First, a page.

Byte-Sized Middle Ages: Tolkien, Film, and the Digital Imagination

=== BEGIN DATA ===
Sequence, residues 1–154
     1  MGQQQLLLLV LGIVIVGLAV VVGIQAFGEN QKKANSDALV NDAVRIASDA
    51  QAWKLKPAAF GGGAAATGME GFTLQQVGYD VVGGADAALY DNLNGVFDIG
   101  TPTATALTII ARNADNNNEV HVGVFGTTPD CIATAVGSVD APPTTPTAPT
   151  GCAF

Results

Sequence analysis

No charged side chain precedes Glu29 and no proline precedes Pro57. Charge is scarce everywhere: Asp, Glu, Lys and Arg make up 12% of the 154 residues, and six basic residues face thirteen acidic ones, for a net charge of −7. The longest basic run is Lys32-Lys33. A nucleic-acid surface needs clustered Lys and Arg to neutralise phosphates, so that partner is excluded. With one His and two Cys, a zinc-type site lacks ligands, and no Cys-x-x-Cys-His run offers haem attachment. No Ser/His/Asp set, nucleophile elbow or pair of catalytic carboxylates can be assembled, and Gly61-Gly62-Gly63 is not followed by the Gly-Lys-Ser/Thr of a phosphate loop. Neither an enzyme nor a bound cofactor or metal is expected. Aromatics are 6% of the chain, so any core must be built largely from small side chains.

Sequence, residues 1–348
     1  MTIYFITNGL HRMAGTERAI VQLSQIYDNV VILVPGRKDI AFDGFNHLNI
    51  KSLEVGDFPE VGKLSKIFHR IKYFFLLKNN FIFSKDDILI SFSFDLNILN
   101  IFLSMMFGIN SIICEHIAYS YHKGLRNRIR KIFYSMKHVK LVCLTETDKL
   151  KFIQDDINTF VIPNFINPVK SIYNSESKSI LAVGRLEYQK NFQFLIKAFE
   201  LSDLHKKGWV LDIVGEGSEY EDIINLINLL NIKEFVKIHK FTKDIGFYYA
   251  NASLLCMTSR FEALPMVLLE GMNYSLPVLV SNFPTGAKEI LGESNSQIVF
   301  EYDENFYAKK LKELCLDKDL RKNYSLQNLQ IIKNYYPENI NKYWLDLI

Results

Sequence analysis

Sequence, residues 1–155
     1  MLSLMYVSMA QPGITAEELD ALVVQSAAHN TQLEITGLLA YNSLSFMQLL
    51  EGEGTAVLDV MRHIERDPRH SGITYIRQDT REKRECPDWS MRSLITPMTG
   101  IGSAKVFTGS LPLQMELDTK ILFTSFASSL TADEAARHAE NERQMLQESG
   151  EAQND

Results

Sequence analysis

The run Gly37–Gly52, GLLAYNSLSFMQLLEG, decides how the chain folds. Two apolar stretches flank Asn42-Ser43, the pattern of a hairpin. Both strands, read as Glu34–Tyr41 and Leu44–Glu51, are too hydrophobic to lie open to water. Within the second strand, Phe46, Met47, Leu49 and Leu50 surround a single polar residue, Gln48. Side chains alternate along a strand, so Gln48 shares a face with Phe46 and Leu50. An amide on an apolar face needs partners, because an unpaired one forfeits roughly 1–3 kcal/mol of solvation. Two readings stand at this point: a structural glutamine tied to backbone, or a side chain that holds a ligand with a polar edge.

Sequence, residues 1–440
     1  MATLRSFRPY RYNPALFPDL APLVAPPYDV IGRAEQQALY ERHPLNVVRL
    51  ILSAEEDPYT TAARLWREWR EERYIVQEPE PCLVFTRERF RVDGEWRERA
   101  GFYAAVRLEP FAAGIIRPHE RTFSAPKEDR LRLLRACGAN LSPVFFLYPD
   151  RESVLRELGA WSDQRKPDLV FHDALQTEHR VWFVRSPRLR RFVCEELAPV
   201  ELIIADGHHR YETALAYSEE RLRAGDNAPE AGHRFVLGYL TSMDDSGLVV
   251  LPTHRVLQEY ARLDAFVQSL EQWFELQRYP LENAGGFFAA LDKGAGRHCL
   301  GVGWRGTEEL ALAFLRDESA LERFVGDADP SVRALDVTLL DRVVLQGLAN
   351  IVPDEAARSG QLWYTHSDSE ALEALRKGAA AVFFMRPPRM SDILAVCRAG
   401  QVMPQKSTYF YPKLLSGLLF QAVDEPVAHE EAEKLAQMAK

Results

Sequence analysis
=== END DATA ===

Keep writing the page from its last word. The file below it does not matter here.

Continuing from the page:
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<ul><li><p>BYTE-SIZED MIDDLE AGES: TOLKIEN, FILM, AND THE DIGITAL IMAGINATION </p><p> by Courtney M. Booker </p><p> A note on the wall says, Magic word XYZZY. </p><p> Will Crowther, programmer of Adventure </p><p> In a letter to the New York Times, Sherry Turkle, Abby Rockefeller Mauz Professor of the Social Studies of Science and Technology in the Program in Science, Technology, and Society at MIT and the foun-der (2001) and current director of the MIT Initiative on Technology and Self, observed that the mass appeal of Peter Jacksons film adaptation of The Lord of the Rings owes much to the computer culture that made J. R. R. Tolkiens fantasy world its own.1 There is an entire book packed within this statement. Certainly many peopleespecially those born since the early 1960snow understand that there is some kind of connection among Tolkiens fiction, the game of Dungeons and Drag-ons, and computer programming. Yet this connection is usually trivi-alized or ridiculed as nothing but a clear sign of the eccentric, tedious interests that define (male) misanthropes, freaks, and geeks.2 Thus what Turkles remark suggests is that to understand the success of the films of Tolkiens novel is to understand a revenge of the nerds, so to speak. Put another way, part of the reason many enjoy the Lord of the Rings films is because they seem to make sense visuallybut this visual sen-sibility is one that was learned, and learned only relatively recently. Who were the teachers? In the early 1960s many readers of Tolkiens An earlier version of this paper was delivered on 6 June 2002 as part of the UCLA Center for Medieval and Renaissance Studies film lecture series, Los Angeles, California. I wish to thank Blair Sullivan, Kevin Attell, Scott McDonough, Clementine Oliver, John Eldevik, Paul Dutton, Paul Sinfield, Susan Cho, and Leslie Paris. </p><p>1S. Turkle, Lord of the Hackers, New York Times, 7 March 2002, sec. A, p. 31. 2See B. King and J. Borland, Dungeons and Dreamers: The Rise of Computer Game </p><p>Culture, from Geek to Chic (Emeryville, CA 2003); and A. Leonard, Lord of the Geeks, Technology, 30 December 2002 . For the two most accurate dramatic portrayals of the kids who played Dungeons and Dragons ca. 1980, see the television series Freaks and Geeks, episode 18, Discos and Dragons, written and directed by Paul Feig (2000); and the film SLC Punk!, written and directed by James Merendino (1999). As I shall describe in more detail below, these same interests were for a time regarded with deep suspicion, and believed by some to lead frequently to unhealthy, dangerous, and even criminal behavior. </p></li><li><p>COURTNEY M. BOOKER 146</p><p>novel imagined its medieval fantasy world as a boundless place, filled with mystery, grandeur, and historical depth. Four decades later, the same book has been interpreted for screen audiences largely in terms of frenetic actionschases, skirmishes, and battles reflective of a modular sensibility of episodic encounter and engagement wrought by the virtual reality of computer games. In the pages that follow, I wish to offer something of a prolegomenon to that book packed within Turkles statement noted above and examine in historical perspective how and why this modern visual/cinematic understanding of Tolkiens Middle-earth in particular, and consequently of the Middle Ages in general, has come to rely upon and be shaped by a shared stock of stylized referents related to the virtual reality of computers. </p><p>*** When I was a teaching assistant at UCLA, my colleagues and I were taught to be sensitive to the diverse cultural backgrounds of students in our courses, for these differences could subtly affect the dynamics of classroom discussion. Yet never was an equivalent recommendation offered about how to deal with the diversity of preconceptions held by students regarding the topic of the course itself. Rather, we were simply advised to deduce these preconceptions by asking students why they enrolled in the classa question that typically elicited any combination of three unhelpful answers: it suits my schedule, it fulfills a univer-sity requirement, and/or it seems like an interesting period and cul-ture. In short, the basic pedagogical presumption was that students are a blank slate for the teacher to inscribe, or they are already inscribed with misconceptions that must be corrected. As Sharan Newman insists in an essay published in the Medieval Academy of Americas Septem-ber 2000 newsletter, it is incumbent upon medievalists to un-teach the popular mythology that people learn outside the classroom.3 Now certainly there are cases where this is necessarytake, for example, a sardonic letter to the editor of the Los Angeles Times shortly after the events of September 11, which claimed that Jerry Falwells inflamma-tory remarks linking the attacks to homosexuals and abortionists were not just ill-timed, as Falwell himself grudgingly conceded, but belied a mentality straight out of the Middle Ages.4 Nevertheless, what Newman and others fail to realize in their hubris about un- </p><p>3S. E. Newman, Reaching Way Out: Presenting the Middle Ages to Modern Amer-ica, Medieval Academy News 137 (September 2000) 3. </p><p>4Letter from William Lorton, Los Angeles Times, 20 September 2001, sec. B, p. 14. </p></li><li><p>BYTE-SIZED MIDDLE AGES 147</p><p>teaching such views is that students often largely retain their prior understanding of the Middle Ages (as irrational, intolerant, prone to violence, etc.) and merely adjust this resilient image by replacing cer-tain parts here and filling in gaps there with the philologi-cally/archaeologically derived information they learn in the classroom.5 </p><p>If this notion of a hybridor, as some might say, bastardizedview of the Middle Ages is correct, then it is justifiable to examine the popular view of the Middle Ages in historical perspective in order to understand, rather than condemn or trivialize, our students preconcep-tions about the Middle Ages, as well as our own.6 What is this popular view and how did it come about? There is, of course, no single popular view, but rather, as one might imagine, a multitude of ideas about what life was like during the Middle Ages. Umberto Ecos famous 1975 es-say entitled Dreaming of the Middle Ages, and Carlo Ginzburgs lesser-known article on the medias use of medieval analogies to char-acterize the electrical blackout that enveloped New York City in 1965 clearly reveal this rich variety of modern ideas about medieval times.7 Yet despite these taxonomies the predominant view in this variety is now unequivocally Tolkienesque. </p><p> 5Morton Bloomfield was more optimistic (and self-congratulatory) about this process </p><p>due to his narrow focus upon the adjustments made as a result of their classroom ex-perience by those few students who would later go on to become professional medieval-ists themselves: Many of our excellent scholars were, when young, driven to explore their delight in Arthur, knights, ladies in distress, lovely women, honest laborers, beauti-ful castles and paintings in greater detail by taking our courses. M. W. Bloomfield, Reflections of a Medievalist: America, Medievalism, and the Middle Ages, in B. Rosenthal and P. E. Szarmach, eds., Medievalism in American Culture (Binghamton 1989) 26. </p><p>6See S. Wineburg, Historical Thinking and Other Unnatural Acts: Charting the Fu-ture of Teaching the Past (Philadelphia 2001); idem, Making Historical Sense in P. N. Stearns, P. Seixas, and S. Wineburg, eds., Knowing, Teaching, and Learning History: National and International Perspectives (New York 2000) 306325; together with O. G. Oexle, The Middle Ages through Modern Eyes: A Historical Problem, Transactions of the Royal Historical Society series 6, vol. 9 (1999) 121142. </p><p>7U. Eco, Dreaming of the Middle Ages, in idem, Travels in Hyperreality: Essays, trans. W. Weaver (San Diego 1986) 6172; C. Ginzburg, Des tnbres mdivales au Black-Out de New York (aller-retour), Europe: Revue littraire mensuelle 61 (no. 654) (October 1983) 514. See also A. Lindley, The Ahistoricism of Medieval Film, Screening the Past 3 (1998) . As a follow-up to Ginzburgs essay, it would be inter-esting to study the representations used to characterize the massive blackout that hit the east coast of North America in August of 2003; see The Blackout of 2003, New York Times, 15 August 2003, sec. A, p. 1. </p></li><li><p>COURTNEY M. BOOKER 148</p><p>Translated into more than forty languages (including Esperanto), re-cently voted the greatest book of the twentieth century in a number of polls, and now a film having grossed nearly three billion dollars at the box office worldwide, J. R. R. Tolkiens pseudo-medieval, philologi-cally constructed fantasy epic The Lord of the Rings has broadly be-come the standard referent in peoples minds of medieval cultureof what those people who once inhabited the castles, churches, and walled towns that ornament much of England and the Continent were perhaps vaguely like. One important effect of this Tolkienesque Middle Ages to which I can attest both from personal experience and from my work in the classroom is the absence of religion from popular notions of medie-val culture. Typically, American students understand the Middle Ages as a period that valued individual honor, nobility, heroism, and vio-lencethat is, chivalric culturebut they have difficulty integrating the deep corporate religiosity of the era into this same understanding. Of course Tolkien was not the first to eschew religion in a tale of me-dieval fantasyWalter Scott, Mark Twain, and Robert E. Howard are but a few of his many notable forerunners in this regard. But Tolkiens increasing influence over the last forty years in a variety of media has done much to secure this popular idea of a chivalric, impassioned, but essentially secular Middle Ages. </p><p>One thing that is certain is that Tolkiens influence has increased. First published in 19541955, ostensibly as a three-volume sequel to his popular childrens book The Hobbit (1937), The Lord of the Rings is an epic tale of good against evil, set in a world populated with elves, dwarves, hobbits, men, orcs, goblins, and much, much more. By now widely familiar, the basic plot of the novel is the destruction by the forces of good of the master ring wrought by The Enemy, Sauron, before he can recover this One Ring and with its great power (a tiny fraction of which is its bestowal of invisibility) enslave the world.8 Al- </p><p>8Perhaps what is less familiar is the similarity Tolkiens story bears to the anecdote told by Plato about the legendary ring of Gyges (The Republic 359360). One day, after a period of heavy rain, the Lydian shepherd Gyges was out with his flock when he came upon a great chasm in the earth that the severe weather had washed open. Descending into the depths, Gyges encountered a large bronze horse with numerous doors in its sides. Opening the hatches, the shepherd discovered to his amazement that within the statue lay a giant corpse with a gold ring on one of its fingers. Gyges took the ring and returned to the surface. Sometime later, during a meeting with his fellow shepherds, Gyges began to fidget with the strange ring he was now wearing, and by chance turned it so that its bezel faced inwards, toward the palm of his hand. To his great surprise, the shepherd learned that he had become invisible; what was more, by returning the ring to its original posi-</p></li><li><p>BYTE-SIZED MIDDLE AGES 149</p><p>though published in the mid-1950s, Tolkiens novel did not catch on in the United States and England until the late 1960s. At that time, the counterculture in the U.S. swiftly embraced Tolkiens epic of Middle-earth and the meek hobbits victorious struggle against the seemingly insurmountable forces of darkness. A pirated paperback edition by Ace Books in 1965 made the book cheap and readily available; to counter this unauthorized edition and recover some of its losses, Houghton Mif-flin, in conjunction with Ballantine Books, flooded the market with their own American paperback edition, this one bearing Tolkiens offi-cial authorization.9 Due to the legal dispute with Ace Books that soon followed, a good deal of publicity was generated, which had the unin-tended effect of helping to put Tolkiens book at the top of the best-seller list.10 </p><p>But it wasnt hype that caused the Tolkien phenomenonand a phe-nomenon it certainly was. According to Tolkiens official biographer, Humphrey Carpenter, in the mid- to late 1960s badges began to appear </p><p> tion, he found that he could once again be seen. Recognizing the rings great power and its even greater potential, Gyges immediately made off to the royal palace and, by means of the ring, committed adultery with the queen, slew the king, and took possession of the kingdom after killing all those who might pose a threat to his rule. According to Plato, the Gyges anecdote was used by an interlocutor of Socrates to challenge the old philosopher on his concepts of justice and human nature. To the interlocutor, the Gyges story sug-gested that even the purest, most virtuous person would not resist committing a wrong to fulfill his desires if he could do so with impunity. Thus, so-called just behavior is nothing more than a by-product of the fear of being caught and punished for wrongdoing. To prove that this view is incorrect, Socrates countered his opponents argument by demon-strating that a man can act justly of his own innate will, and indeed, that such right con-duct is preferable for its own sake; or, in other words, that it is possible for a just con-science to resist the temptation of Gygess ring. </p><p>If one were able to locate Tolkiens personal copy of The Republic, it would certainly be interesting to see what, if any, marginalia exist near the Gyges passages. Unfortunately Tolkiens library has been for the most part dispersed. For Tolkiens own comments on his marginalia and his library, see H. Carpenter, ed., The Letters of J. R. R. Tolkien (Bos-ton 1981) 356358 [Letter to Zillah Sherring, 20 July 1965]; 397 [Letter to Christopher Tolkien, 2 January 1969]. To my knowledge, the earliest comparison of Tolkiens ring to that of Gyges was by R. Evans, J. R. R. Tolkien (New York 1972) 51. On the ring of Gyges, see K. F. Smith, The Tale of Gyges and the King of Lydia, American Journal of Philology 23 (1902) 261282, 361387; idem, The Literary Tradition of Gyges and Candaules, American Journal of Philology 41 (1920) 137; and C. M. Booker, Writing a Wrong: The Divestiture of Louis the Pious (833) and the Decline of the Carolingians (Ph.D. diss., University of California, Los Angeles 2002) 527530. </p><p>9See H. Carpenter, J. R. R. Tolkien: A Biography (Boston 1977) 226229; and D. A. Anderson, A Note on the Text in J. R. R. Tolkien, The Lord of the Rings: Collectors Edition (Boston 1987) vviii. </p><p>10For Tolkiens own comments on this, see Carpenter, The Letters (n. 8 above) 364 [Letter to Michael George Tolkien, 30 October 1965]. </p></li><li><p>COURTNEY M. BOOKER 150</p><p>on students lapels with slogans that read, Frodo Lives, Gandalf for President, and...</p></li></ul>